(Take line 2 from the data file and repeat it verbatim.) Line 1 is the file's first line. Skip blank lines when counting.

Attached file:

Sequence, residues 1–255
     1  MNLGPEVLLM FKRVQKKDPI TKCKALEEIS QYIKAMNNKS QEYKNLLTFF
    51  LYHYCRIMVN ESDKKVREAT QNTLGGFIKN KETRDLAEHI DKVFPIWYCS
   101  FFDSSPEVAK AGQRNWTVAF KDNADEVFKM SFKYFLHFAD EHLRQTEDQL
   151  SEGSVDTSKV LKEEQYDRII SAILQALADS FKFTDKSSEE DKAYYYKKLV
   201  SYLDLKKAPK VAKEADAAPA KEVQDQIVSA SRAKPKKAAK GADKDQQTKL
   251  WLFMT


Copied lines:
     1  MNLGPEVLLM FKRVQKKDPI TKCKALEEIS QYIKAMNNKS QEYKNLLTFF